The second is about labelling, geography and protected status.

France operates a system known as Appellation d’Origine Contrôlée (AOC or its European equivalent AOP) to designate food products that can only be made in a certain area.

As cheese is an artisan product, quite a lot of different cheese are covered by this – for example a blue sheep’s milk cheese is only Roquefort if it’s been aged in the caves in the village of Roquefort.

There are 63 listed AOC cheeses in France, but many more varieties that don’t have this protected status.

These include generic cheese types such as BabyBel and other cheeses that are foreign in origin but made in France (such as Emmental).

But sometimes there are both AOC and non-AOC versions of a single cheese – a good example of this is Camembert.

AOC Camembert must be made in Normandy by farmers who have to abide by strict rules covering location, milk type and even what their cows eat.

Factory-produced Camembert, however, doesn’t stick to these rules and therefore doesn’t have the AOC label. Is it therefore the same cheese? They’re both called Camembert but the artisan producers of Normandy will tell you – at some length if you let them – that their product is a totally different thing to the mass-produced offering.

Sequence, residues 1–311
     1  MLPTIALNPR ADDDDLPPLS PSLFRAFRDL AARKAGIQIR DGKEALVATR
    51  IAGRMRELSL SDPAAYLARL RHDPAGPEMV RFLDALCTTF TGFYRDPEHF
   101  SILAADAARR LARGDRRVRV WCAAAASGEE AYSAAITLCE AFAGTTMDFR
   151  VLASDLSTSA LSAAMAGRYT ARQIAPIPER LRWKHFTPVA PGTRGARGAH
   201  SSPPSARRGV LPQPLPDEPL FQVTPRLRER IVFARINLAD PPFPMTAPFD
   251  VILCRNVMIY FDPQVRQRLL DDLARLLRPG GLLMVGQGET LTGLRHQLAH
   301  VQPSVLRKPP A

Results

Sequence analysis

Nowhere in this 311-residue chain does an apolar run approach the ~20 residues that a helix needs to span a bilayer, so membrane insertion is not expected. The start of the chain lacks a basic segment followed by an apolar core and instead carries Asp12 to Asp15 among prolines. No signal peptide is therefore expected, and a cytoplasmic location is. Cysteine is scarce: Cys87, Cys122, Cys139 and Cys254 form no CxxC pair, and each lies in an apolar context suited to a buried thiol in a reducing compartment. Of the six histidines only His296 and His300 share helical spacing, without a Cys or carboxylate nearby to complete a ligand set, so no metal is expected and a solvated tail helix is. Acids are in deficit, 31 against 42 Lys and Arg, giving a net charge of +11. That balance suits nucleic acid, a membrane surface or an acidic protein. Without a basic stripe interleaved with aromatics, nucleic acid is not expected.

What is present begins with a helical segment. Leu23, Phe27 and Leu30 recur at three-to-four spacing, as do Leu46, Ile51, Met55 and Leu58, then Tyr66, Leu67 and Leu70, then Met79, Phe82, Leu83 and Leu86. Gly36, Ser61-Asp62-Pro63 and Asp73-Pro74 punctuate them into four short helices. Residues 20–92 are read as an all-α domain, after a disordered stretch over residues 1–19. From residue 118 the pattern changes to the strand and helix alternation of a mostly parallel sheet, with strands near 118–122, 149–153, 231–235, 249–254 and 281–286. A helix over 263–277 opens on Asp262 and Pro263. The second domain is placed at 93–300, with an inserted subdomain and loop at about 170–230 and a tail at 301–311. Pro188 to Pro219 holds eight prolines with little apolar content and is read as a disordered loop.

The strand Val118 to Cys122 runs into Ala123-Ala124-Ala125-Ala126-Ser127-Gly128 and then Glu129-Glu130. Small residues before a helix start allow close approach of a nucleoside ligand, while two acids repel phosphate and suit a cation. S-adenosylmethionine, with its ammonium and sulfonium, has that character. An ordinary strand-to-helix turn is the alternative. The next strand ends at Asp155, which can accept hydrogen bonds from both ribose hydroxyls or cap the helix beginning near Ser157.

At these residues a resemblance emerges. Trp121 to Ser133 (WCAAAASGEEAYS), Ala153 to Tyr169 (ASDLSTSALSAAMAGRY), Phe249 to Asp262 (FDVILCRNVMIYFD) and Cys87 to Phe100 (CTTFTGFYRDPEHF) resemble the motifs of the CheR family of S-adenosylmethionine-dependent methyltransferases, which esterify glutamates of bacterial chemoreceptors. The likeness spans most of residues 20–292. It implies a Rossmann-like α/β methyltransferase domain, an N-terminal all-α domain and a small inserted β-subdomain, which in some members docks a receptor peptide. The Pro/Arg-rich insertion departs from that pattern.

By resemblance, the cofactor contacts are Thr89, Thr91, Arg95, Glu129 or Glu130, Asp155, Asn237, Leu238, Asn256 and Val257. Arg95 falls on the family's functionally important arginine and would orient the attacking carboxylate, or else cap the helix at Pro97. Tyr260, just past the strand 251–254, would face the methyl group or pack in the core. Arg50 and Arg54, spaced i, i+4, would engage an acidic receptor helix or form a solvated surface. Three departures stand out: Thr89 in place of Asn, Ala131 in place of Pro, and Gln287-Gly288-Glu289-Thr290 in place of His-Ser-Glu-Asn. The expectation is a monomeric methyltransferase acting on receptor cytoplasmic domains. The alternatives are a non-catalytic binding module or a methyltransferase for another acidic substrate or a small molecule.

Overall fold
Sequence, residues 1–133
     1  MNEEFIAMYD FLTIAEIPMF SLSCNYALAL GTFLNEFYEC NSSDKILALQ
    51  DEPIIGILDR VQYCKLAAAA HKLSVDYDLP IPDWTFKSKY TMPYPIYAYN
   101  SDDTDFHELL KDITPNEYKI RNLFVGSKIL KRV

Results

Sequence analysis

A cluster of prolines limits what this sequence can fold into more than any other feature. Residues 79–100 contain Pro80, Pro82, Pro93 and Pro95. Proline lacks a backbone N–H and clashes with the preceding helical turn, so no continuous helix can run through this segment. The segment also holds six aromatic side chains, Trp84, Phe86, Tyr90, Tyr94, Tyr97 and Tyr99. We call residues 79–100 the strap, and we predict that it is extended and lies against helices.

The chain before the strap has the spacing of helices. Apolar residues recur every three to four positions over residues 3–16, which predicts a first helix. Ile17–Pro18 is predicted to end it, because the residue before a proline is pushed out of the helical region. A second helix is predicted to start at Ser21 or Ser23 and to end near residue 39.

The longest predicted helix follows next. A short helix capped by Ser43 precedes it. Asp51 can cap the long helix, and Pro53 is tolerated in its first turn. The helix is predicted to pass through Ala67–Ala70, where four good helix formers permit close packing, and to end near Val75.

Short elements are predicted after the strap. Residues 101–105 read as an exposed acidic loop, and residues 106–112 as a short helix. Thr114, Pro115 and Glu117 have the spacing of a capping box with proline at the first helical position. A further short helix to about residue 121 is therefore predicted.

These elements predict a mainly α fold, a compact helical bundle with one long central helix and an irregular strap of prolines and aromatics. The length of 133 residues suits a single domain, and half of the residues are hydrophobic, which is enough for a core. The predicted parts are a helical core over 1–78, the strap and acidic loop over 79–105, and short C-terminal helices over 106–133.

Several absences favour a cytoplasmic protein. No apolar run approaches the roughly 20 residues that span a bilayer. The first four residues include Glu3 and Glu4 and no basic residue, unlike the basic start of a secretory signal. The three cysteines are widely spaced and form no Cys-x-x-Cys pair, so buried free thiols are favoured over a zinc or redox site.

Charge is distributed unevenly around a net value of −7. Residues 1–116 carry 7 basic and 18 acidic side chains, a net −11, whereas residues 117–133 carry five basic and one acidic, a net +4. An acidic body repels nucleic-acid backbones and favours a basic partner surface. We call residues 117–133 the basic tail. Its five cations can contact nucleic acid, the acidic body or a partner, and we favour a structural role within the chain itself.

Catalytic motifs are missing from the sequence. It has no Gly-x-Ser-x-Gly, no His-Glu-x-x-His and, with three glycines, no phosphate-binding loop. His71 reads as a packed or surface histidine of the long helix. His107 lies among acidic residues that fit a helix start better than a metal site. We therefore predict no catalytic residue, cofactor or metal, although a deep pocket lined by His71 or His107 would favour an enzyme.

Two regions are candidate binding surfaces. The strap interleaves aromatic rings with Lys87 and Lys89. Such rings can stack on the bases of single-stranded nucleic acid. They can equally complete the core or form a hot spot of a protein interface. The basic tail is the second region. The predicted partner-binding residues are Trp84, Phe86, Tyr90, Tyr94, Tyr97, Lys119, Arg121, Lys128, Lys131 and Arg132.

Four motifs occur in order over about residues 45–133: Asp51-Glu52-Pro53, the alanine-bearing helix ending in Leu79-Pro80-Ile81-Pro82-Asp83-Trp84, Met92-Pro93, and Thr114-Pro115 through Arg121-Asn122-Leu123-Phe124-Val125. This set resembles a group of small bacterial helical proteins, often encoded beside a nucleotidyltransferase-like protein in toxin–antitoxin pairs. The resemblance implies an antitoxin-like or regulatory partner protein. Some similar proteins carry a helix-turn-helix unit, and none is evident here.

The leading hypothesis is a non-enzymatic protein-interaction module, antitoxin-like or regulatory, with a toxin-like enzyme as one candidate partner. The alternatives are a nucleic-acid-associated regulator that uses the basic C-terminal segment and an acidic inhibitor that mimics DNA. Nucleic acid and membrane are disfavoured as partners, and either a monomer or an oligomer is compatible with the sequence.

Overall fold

There are also examples of local cheeses that are made to essentially the same recipe but have different names depending on where they are produced – sometimes even being on opposite sides of the same Alpine valley is enough to make it two nominally different cheeses.

All of which is to say that guessing is difficult!

Most estimates range from between 600 to 1,600, with cheese experts generally saying there are about 1,000 different varieties. 

So bonne dégustation!